This was one of those fabulous old-fashioned shops that you used to find all over Southern Europe but sadly rarely exist anymore due to the relentless march of the supermarkets that has swept them all away.  In fact we wouldn’t have known that this was a shop at all except for a tatty blue canopy advertising Portuguese Sumol soft drinks and a reference to Mercado Braz A Taverna that was flapping over a single door that gave access to the mini-market.  Inside it was dark and gloomy and we all needed a moment or two to let the eyes adjust to the light.  The place was chaotic and everything was piled on the shelves in a completely mad way that made shopping a very random experience indeed.  Vegetables, washing powders, dairy products, died meats all thrown together in a most confusing manner that made it difficult to find the things we were looking for.

Actually we didn’t need a great deal, the two main items on our shopping list were beer and bread, in that order!  We found the beer and quickly calculated how much we would need for three days and set about assembling the purchase at the counter.  The shop keeper seemed a bit agitated by this but all she was trying to make us understand was that she would rather like the bottles back when we had finished with them because there was a deposit on them.  And then we turned to bread and spotted it on a shelf behind the old lady and by pointing and shouting, in the way that we do when we can’t understand each other, we drew her attention to it and asked for twenty mini loaves.  Now she was alarmed because this was only a small community and this would have cleaned out the entire days supply for the village and we had to seriously negotiate with her to get her to release only about half of our requested quantity.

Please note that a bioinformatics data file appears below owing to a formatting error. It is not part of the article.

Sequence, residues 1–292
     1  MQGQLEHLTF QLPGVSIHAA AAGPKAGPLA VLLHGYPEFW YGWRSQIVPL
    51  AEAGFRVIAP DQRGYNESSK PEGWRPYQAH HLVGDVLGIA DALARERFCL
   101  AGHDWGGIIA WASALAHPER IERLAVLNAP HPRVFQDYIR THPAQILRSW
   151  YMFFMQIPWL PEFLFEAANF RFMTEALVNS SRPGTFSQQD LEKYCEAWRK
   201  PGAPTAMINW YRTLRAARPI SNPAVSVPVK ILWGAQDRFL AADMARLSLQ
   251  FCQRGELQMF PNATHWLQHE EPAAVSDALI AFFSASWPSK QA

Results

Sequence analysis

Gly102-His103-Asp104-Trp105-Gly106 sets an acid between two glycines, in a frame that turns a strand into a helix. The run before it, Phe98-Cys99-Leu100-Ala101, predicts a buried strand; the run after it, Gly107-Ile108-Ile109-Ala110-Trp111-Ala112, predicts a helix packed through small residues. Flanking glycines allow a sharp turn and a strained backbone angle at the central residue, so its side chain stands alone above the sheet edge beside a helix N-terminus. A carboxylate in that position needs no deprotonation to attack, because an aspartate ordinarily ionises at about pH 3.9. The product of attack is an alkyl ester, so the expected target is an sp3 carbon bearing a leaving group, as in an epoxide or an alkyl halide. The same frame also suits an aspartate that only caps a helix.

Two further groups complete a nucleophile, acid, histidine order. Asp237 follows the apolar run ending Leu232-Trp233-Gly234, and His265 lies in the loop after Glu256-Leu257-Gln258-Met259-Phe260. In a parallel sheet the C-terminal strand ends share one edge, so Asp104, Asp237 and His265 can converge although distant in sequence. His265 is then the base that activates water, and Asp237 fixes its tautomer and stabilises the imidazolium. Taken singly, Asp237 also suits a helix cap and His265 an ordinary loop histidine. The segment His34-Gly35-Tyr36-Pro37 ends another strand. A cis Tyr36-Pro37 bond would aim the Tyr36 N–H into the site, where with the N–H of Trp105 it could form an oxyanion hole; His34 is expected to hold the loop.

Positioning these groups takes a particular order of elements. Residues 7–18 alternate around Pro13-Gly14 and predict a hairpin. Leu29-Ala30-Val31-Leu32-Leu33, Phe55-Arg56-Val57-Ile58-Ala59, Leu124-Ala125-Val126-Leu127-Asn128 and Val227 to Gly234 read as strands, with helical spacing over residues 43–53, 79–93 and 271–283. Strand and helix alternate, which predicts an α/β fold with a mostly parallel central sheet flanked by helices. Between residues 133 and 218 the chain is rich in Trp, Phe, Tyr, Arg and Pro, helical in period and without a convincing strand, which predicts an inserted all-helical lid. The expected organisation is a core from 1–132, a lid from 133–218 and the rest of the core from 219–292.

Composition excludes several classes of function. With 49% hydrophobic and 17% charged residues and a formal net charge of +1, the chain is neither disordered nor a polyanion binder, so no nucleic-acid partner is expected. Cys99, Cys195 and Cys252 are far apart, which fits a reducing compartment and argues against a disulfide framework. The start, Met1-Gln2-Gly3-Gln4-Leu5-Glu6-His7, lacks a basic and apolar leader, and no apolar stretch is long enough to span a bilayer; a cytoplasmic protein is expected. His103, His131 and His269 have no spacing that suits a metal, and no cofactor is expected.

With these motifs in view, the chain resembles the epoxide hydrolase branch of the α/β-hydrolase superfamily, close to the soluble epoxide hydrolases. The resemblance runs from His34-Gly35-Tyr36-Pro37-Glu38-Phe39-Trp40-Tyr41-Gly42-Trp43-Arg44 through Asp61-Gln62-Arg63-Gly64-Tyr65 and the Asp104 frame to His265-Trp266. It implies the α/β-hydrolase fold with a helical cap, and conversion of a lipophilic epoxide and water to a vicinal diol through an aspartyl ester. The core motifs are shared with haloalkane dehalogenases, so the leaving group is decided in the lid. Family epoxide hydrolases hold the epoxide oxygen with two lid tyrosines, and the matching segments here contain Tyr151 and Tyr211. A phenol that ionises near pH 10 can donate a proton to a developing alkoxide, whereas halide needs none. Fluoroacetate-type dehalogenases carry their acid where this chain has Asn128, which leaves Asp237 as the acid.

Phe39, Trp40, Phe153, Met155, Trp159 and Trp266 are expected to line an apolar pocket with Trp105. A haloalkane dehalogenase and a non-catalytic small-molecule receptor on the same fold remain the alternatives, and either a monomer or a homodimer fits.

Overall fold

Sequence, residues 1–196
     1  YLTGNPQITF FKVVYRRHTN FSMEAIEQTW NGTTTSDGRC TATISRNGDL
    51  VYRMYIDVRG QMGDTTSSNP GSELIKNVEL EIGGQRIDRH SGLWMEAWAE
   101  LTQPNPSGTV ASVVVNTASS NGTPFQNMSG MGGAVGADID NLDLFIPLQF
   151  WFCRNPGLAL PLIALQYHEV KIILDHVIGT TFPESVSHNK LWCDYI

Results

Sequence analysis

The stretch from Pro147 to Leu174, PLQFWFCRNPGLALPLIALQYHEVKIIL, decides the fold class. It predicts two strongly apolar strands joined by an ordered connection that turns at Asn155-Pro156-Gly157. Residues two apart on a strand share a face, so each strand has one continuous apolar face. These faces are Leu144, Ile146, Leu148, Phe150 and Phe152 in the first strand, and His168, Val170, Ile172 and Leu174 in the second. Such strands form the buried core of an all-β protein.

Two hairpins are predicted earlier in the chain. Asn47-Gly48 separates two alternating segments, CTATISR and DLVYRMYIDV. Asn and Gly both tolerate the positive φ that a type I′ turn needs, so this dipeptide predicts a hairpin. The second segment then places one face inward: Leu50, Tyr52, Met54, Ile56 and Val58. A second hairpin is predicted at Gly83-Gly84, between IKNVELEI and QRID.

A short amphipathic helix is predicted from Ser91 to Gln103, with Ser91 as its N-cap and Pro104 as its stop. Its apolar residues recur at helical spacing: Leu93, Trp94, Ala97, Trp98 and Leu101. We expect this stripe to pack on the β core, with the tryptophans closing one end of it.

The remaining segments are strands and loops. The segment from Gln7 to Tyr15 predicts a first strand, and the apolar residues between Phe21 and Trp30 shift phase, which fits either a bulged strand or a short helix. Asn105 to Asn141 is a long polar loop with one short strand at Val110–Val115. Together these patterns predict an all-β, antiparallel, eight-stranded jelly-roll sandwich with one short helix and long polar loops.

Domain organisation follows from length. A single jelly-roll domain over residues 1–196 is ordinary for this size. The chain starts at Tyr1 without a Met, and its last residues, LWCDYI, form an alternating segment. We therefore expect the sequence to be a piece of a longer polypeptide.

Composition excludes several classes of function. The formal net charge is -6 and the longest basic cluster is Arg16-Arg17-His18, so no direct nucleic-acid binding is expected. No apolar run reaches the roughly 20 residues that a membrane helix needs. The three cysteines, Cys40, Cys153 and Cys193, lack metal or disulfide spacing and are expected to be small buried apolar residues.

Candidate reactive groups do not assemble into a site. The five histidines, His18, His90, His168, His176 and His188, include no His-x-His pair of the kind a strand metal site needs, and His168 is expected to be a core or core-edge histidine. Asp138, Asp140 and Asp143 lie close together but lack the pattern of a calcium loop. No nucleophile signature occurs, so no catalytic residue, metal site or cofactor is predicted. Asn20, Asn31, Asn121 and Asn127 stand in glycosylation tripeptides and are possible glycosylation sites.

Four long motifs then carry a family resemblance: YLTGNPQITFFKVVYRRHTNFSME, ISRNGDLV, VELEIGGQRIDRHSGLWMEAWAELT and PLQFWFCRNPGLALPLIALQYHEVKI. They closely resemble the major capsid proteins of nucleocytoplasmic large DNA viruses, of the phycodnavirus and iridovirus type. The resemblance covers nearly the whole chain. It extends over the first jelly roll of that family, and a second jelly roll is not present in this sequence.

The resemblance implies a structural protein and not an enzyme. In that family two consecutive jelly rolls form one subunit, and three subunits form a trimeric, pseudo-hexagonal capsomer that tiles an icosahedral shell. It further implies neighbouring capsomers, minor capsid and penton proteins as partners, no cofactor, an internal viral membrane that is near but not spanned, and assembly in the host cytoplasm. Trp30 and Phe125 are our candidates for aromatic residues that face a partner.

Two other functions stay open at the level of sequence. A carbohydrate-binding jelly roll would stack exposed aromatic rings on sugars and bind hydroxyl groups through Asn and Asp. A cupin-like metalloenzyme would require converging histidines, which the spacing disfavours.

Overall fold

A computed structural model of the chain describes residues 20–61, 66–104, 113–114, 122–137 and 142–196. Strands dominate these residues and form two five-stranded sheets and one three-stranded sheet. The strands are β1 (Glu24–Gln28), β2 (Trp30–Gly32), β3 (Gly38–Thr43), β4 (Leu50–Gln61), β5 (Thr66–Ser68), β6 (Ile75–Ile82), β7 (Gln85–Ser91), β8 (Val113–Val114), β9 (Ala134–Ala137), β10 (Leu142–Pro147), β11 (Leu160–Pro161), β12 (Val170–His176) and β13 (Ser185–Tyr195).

Back at the villa it was really quite warm in the early afternoon sun and this meant that we could sample the Portuguese beer while sitting around the pool and on the sun terrace on the top of the building.  Three of us were content to sit and do very little but Richard, who is by nature a hopeless fidget, quickly got bored and soon disappeared to carry out a more thorough inspection of the car.  He was gone for quite some time and first of all he gave it a good bonnet to boot clean, which seemed to cheer it up considerably and it began to look a great deal happier.  It wasn’t all good news however because Richard advised that a quick mechanical check had revealed that one of the headlights didn’t work and there was no heater because the pipes had been disconnected and sealed off with a bit of wood, which wasn’t a repair process that you would find in a Haynes do-it-yourself workshop manual but nevertheless appeared to be relatively effective.

At this point things, it has to be said, didn’t look good for the journey home and we wondered how difficult it would be to get a flight back instead.

A Life in a Year – 13th February, Portugal isn’t Spain

map-of-portugal

On 13th February 1668 Spain finally recognised Portugal as a separate and independent state.

I have visited Portugal a number of times, in 1986 and 1994 to the Algarve, twice in 2008 to Viano de Castelo in the far north and twice again in 2009 to Porto.  Only on the final visit did it really occur to me that although it shares the Iberian peninsula with its larger neighbour, Portugal really isn’t Spain and on the flight home I was ashamed of my previous ignorance about the place.